I seek to engage in the preservation of history, traditions, and indigenous materials that are woven into the fabric of our story. - Antonius Roberts

We are delighted to announce our first solo exhibition with Bahamian artist, Antonius Roberts OBE. Roberts is a mixed media artist, primarily known for his work with wood sculpture and installation, and for conceptualising and running collective and socially engaged art projects. His practice reflects on ecology, black portraiture and self-expression as a method of de-colonization. In this exhibition, Roberts will unveil sculptures made with found and felled silk-cotton, madeira, logwood, lignum vitae and woman’s-tongue. He carves into the trees or logs to find and draw-out figurative characteristics and then uses the dust and remnants created through the activity of carving to create large-scale, expressive drawings.

Roberts’ interest in ecology is communicated through his careful handling of material; before making any marks or cuts, the origin of finding or being gifted the wood becomes integrated into the artwork’s narrative. When Roberts was given material from a wrecked Haitian Sloop, he conceptualised an artwork entitled Ceremonial stools in honour of Haitians that have died while attempting to cross the ocean. The installation is quiet but monumental: 5 bare and simple stools hang on the wall in a row. Ceremonial Stools, like all of Roberts’ sculptures, are carefully and minimally reworked, resulting in artworks that hang in-balance between living tree and sculpture. Bodies and objects emerge from the wood at certain angles and retreat at others. When confronting his works for the first time, you might find yourself, as I did, engaging in a kind of lunar pareidolia (seeking the man in the moon), wondering out loud, “is this a Chickcharney? Is this a thumb or a hand?”. The glimpses of something recognizable recall the experience of seeing an apparition or spirit in the corner of your eye- but the tangible and weighted nature of the material settles your mind on an effigy or a monument.

Using fire and the saw-dust left-over from carving, Roberts conjured a series of expressive drawings that compliment the sculptures. The energetic marks are not there to form a picture, but to recall the presence and movement of the artist: “I am here” he says. The rhythmical shapes record Roberts making large movements with his arms and shoulders across the paper in a fluid dance. The wood dust reminds us of the physical efforts it takes to carve the wood; and brings us back to the cycles of growth and death. Through this method of making and seeing, Roberts’ work hangs in a balance between the corporeal and immaterial, somatic and intangible.

When you zoom back from a single artwork, you can see that Roberts’ practice as a whole is also a balance between two things: making objects and conceptualizing larger community changes. When reflecting on his recent work he writes “I am dedicated to the preservation and restoration of the places and traditions that define us as a people”. Both of these efforts in decolonization have seen new generations of Bahamian artists grow and benefit from Roberts’ ideas. A few of the notable projects that have had ripple effects include Roberts’ participation in the collaborative project “Jammin”, in which he and three other Bahamian artists Stan Burnside, Jackson Burnside III, and John Beadle painted collaboratively to create an entirely new Bahamian style of painting that drew inspiration from black and African references; Roberts’ on-going project called Sacred Spaces for which he creates installations from local felled wood to remediate under and dis-used spaces; and most recently I.C.E (Incubator for Collaborative Expression), an old ice factory that Roberts’ regenerated into a community project that houses studios, residencies and vegetable gardens and many other initiatives. Roberts’ practice is diverse and complex, comparable to that of American artist Theaster Gates, it encompasses the making of artworks as well as community concepts and projects.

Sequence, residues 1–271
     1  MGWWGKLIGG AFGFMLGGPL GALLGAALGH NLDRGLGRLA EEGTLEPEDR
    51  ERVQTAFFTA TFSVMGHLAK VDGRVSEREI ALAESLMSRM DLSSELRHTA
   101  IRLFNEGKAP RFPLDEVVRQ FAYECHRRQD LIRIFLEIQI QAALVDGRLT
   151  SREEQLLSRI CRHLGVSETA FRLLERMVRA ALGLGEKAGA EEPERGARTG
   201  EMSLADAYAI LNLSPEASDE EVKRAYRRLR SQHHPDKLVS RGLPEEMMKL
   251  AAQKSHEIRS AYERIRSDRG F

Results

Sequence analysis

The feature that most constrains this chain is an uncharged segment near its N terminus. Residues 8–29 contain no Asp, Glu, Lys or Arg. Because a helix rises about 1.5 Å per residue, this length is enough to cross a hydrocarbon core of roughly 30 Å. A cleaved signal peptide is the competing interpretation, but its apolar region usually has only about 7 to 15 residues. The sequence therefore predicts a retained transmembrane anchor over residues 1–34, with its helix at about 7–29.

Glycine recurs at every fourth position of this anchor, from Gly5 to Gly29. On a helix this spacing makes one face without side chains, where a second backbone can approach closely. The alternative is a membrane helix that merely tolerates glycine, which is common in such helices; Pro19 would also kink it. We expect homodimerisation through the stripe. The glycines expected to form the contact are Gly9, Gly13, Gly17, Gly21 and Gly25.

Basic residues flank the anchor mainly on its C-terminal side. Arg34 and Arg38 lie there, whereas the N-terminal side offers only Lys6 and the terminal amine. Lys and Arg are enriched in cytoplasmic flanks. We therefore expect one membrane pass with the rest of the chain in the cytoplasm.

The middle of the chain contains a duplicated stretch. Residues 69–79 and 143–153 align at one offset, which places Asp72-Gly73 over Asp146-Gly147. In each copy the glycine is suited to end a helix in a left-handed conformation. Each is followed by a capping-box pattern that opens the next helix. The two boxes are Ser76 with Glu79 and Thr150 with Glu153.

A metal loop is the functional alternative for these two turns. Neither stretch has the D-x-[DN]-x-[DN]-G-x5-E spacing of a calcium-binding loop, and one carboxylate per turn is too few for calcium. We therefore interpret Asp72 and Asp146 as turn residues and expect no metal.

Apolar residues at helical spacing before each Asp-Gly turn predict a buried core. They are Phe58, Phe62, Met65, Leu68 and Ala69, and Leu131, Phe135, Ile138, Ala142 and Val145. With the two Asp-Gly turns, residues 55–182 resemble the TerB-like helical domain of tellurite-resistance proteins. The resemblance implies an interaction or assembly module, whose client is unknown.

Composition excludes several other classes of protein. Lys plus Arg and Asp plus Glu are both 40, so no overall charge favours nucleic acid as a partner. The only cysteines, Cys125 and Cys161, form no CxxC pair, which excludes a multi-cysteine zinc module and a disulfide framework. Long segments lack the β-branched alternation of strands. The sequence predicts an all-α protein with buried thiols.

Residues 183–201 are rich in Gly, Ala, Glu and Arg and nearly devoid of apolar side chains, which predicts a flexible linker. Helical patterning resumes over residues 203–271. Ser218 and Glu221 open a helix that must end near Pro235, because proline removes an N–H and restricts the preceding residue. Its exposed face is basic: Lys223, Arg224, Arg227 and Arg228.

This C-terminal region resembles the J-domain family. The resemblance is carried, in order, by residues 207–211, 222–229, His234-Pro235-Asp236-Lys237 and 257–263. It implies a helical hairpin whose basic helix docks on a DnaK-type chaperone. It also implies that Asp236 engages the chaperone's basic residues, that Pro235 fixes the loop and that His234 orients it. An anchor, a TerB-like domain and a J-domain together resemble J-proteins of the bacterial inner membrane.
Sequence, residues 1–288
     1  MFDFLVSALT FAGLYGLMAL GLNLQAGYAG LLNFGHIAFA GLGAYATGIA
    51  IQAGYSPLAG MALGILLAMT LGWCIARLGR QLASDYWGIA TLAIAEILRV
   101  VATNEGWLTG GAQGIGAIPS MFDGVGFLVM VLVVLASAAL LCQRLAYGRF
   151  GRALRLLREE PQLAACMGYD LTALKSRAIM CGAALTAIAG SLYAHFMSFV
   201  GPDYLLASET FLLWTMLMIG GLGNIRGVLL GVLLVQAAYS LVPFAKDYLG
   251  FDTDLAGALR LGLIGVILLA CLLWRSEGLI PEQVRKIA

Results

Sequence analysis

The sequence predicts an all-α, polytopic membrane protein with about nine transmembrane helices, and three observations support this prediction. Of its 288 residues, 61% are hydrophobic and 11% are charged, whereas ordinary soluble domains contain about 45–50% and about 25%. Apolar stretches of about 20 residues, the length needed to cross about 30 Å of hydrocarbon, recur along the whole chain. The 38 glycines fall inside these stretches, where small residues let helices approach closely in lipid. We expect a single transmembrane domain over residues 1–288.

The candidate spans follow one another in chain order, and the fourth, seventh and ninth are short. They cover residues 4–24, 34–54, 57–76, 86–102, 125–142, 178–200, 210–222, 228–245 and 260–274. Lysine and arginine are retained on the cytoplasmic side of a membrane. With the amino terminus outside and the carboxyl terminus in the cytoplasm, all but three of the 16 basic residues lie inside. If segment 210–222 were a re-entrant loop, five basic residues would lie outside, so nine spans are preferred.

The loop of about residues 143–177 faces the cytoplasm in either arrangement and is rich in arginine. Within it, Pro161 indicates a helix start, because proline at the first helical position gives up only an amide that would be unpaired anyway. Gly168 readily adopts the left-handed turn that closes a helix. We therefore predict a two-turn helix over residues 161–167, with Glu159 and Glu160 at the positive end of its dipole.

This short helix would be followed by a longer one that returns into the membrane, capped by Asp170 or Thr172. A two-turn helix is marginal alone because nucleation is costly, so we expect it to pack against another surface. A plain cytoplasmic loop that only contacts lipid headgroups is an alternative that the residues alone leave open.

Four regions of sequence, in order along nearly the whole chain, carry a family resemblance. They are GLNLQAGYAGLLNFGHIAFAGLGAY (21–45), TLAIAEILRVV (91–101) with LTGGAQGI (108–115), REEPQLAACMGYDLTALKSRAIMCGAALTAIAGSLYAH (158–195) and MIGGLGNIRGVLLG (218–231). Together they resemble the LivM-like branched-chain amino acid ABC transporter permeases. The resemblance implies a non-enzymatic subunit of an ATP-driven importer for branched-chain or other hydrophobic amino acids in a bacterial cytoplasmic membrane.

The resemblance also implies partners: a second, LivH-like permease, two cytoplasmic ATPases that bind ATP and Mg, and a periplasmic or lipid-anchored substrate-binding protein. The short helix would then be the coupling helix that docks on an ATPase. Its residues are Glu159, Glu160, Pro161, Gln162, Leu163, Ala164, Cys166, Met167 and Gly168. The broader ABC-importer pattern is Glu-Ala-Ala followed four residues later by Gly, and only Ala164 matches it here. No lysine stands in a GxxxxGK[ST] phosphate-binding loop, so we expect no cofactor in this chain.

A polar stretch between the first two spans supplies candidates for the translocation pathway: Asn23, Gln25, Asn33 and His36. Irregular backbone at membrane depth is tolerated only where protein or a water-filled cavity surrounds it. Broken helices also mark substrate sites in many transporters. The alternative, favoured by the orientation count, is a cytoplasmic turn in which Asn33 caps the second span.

Resilient brings together works made over ten years, with the majority of works made in a flurry of activity in the past year following two major life and career events: Robert’s first retrospective exhibition, a solo at the National Art Gallery of The Bahamas (NAGB) curated by Krista Thompson and a life-changing trip to Southern Africa. Having had the chance to see his own work on-mass at the NAGB and then make a spiritual pilgrimage, Robert’s practice is clarified and energised. When reflecting on the breadth of his practice, I see Roberts incredible resilience to find a meaningful and complex practice within our small landscape. I also see the power in his slow and steady growth away from a Euro-centric language, towards an indigenous one. This body of work is even more embedded in the ecology of our landscape and appears to be just the beginning of an even deeper commitment to these concerns.

We look forward to sharing this beautiful new body of work with you.